Everyone works to the beat of their own drum. Everyone has tools that they like to use. The following are some that I have found most useful.

Laptop or Computer It goes without saying that a computer is essential in this day and age. I do almost all my writing on my laptop unless I go to write in a café. Then I take a notebook. I no longer need to print out pages and pages of hard copy then send it to my publisher via snail mail. All my manuscripts are sent through electronically. Of course, if you are sending your ms out as a submission it has to be in hard copy.

External Hard drive or some kind of backup I use a wallet size external hard drive that backs up my whole computer. I carry this around in my bag with me because I’m paranoid that my laptop might get stolen. The beauty of the latest Macs as opposed to a PC is that you plug in your external hard drive and Time Machine automatically backs up your entire Mac, including system files, applications, accounts, preferences, music, photos, movies, and documents. And it not only keeps a spare copy of every file, it remembers how your system looked on a given day — so you can revisit your Mac as it appeared in the past. Mozy and Dropbox are another way to store files. They are online storage sites, downloadable for free up to a certain size. But they are only good for small files.

Work Table When I work, I surround myself with bits of paper, print out of chapters, reference books, my breakfast, post it notes etc etc so I need a heap of space. I try and tidy my desk and give it a dust and a wipe down once a week. All right, that’s a lie, it’s more like once every two months. A bed is great to have in your office, if you have a dedicated writing room. Sometimes you just want to keep writing and writing without disturbing your partner. It also doubles as a large surface to spread work on.

Printer A reliable fast printer. I use a black and white laser printer. I don’t need colour as I only want to print out documents mostly chapters for me to edit.

Mechanical Pencil Since becoming a full time writer and using the computer everyday, my handwriting has suffered to such a degree that it is almost impossible to read. It’s become like the scrawl on a doctor’s prescription, like the muddled scribblings of a crazed person. So when it comes to editing my work, I use a mechanical pencil. It is a pleasure to work with. The point is fine, there’s no sharpening or mess and the lead lasts forever. I use an HB with a O.5mm lead and my writing is amazingly tidy. It even has a neat little rubber in the end. I love my mechanical pencil.

Internet You need high speed broadband access. When you’re writing and you need to search the internet for a piece of information, you don’t want to be waiting around to be connected. By that time you’ve lost your train of thought. The most recent novels I’ve been working on are historical and I’m constantly googling information.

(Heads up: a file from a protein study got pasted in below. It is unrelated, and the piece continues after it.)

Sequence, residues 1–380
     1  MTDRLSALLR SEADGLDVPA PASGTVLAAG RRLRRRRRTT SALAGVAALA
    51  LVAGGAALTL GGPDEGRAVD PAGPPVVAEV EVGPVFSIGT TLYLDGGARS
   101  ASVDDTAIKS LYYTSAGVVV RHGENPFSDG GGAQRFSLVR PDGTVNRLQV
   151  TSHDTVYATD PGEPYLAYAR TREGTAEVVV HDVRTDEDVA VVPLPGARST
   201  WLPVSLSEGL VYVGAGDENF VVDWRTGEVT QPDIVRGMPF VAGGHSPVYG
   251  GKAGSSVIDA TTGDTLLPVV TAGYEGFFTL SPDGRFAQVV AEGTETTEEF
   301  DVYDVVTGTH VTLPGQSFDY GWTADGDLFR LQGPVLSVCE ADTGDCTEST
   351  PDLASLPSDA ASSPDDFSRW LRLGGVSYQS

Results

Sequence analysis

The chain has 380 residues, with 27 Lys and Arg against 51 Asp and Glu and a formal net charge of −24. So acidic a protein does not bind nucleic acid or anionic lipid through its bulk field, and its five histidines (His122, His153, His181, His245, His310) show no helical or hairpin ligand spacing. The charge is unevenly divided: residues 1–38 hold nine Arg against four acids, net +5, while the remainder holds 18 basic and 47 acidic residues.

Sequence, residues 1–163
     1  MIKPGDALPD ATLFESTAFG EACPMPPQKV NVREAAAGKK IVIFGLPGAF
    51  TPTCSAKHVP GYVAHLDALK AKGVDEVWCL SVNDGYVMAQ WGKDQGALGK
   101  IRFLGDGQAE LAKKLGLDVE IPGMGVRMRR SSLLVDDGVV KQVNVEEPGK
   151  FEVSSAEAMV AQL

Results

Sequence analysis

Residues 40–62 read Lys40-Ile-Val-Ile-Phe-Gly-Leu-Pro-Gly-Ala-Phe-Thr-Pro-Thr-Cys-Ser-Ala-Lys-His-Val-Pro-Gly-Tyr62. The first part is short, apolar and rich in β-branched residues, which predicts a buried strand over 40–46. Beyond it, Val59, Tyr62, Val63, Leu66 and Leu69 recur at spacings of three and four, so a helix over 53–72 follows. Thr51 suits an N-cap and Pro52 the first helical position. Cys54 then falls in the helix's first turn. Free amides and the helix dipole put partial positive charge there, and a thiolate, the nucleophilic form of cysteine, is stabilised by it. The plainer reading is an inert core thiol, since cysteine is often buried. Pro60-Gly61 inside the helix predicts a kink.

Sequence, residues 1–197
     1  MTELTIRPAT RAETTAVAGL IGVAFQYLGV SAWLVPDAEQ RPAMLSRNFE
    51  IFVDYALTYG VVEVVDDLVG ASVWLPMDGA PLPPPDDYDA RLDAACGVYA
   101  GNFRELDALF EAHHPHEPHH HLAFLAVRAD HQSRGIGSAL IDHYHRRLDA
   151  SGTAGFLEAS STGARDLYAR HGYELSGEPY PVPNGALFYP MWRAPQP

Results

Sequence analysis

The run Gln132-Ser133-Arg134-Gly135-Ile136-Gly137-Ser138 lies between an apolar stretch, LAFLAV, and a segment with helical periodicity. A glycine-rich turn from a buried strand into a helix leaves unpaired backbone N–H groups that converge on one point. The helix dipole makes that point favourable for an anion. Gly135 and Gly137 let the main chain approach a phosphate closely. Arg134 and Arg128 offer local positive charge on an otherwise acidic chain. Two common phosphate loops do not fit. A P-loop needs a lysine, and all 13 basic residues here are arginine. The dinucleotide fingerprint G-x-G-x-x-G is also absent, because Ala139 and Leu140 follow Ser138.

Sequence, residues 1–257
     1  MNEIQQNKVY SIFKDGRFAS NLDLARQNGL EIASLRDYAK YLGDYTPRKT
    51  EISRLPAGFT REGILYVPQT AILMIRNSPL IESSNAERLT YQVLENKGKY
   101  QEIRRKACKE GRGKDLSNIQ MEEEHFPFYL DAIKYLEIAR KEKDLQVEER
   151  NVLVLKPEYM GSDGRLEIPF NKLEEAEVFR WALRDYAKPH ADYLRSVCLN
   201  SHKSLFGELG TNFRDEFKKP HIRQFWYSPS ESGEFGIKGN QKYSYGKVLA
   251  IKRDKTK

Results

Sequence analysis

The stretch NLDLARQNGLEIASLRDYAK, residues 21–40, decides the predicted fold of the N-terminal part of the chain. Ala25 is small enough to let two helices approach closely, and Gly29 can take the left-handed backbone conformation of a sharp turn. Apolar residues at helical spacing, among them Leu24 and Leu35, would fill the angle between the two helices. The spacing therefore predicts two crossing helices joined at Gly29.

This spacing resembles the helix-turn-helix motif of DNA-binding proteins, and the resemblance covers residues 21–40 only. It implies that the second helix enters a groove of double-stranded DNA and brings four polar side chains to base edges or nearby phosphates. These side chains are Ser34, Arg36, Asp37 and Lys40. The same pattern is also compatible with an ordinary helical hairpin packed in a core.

Spare Paper Lots of spare paper to jot down notes, or a good filing system like file cards or a note book. I use both. But since I’ve begun to use Scivener, I don’t need to use much paper at all. And my table top is no longer a mess.

Scrivener This writing tool is something that I have recently discovered and I love it. It is particularly good for my current WIP which involves a series of four novels. I can see on the one page each novel with individual chapters and all my research. Scrivener is a word processor and project management tool created specifically for writers of long texts such as novels and research papers. It won’t try to tell you how to write – it just makes all the tools you have scattered around your desk available in one application. And it’s cheap. It only costs $40 Aus.

An Understanding Partner A patient and understanding partner is essential in any relationship but doubly important for writers. Writers need to spend many hours alone without interruption. The best type of partner is one who is not only interested in your work but is a good editor as well. I am blessed in that department.

Then of course you need filing cabinets and bookshelves and good lighting and all the other miscellaneous things that go with running an office.

Okay, now that the basics are taken care of, all you need is to take your imagination and let it SOAR….

4 thoughts on “TOOLS OF THE TRADE

  1. Thanks for a really informative post. The wallet size external hard drive sounds like a great idea. I’m paranoid about losing my laptop too.

    Unfortunately, satellite broadband is never what you call ‘high speed’ but its still better than dial up.

    I’ll have to investigate the mechanical pencil too, and I still need to get around to buying Scrivener – thanks for reminding me.


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